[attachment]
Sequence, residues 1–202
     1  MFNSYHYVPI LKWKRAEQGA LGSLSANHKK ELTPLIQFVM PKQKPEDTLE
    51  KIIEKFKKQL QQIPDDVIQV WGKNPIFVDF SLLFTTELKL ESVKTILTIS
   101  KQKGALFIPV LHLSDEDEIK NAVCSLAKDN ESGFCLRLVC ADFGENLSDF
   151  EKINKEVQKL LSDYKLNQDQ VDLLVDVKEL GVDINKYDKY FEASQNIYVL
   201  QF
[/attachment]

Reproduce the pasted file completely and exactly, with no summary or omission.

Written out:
Sequence, residues 1–202
     1  MFNSYHYVPI LKWKRAEQGA LGSLSANHKK ELTPLIQFVM PKQKPEDTLE
    51  KIIEKFKKQL QQIPDDVIQV WGKNPIFVDF SLLFTTELKL ESVKTILTIS
   101  KQKGALFIPV LHLSDEDEIK NAVCSLAKDN ESGFCLRLVC ADFGENLSDF
   151  EKINKEVQKL LSDYKLNQDQ VDLLVDVKEL GVDINKYDKY FEASQNIYVL
   201  QF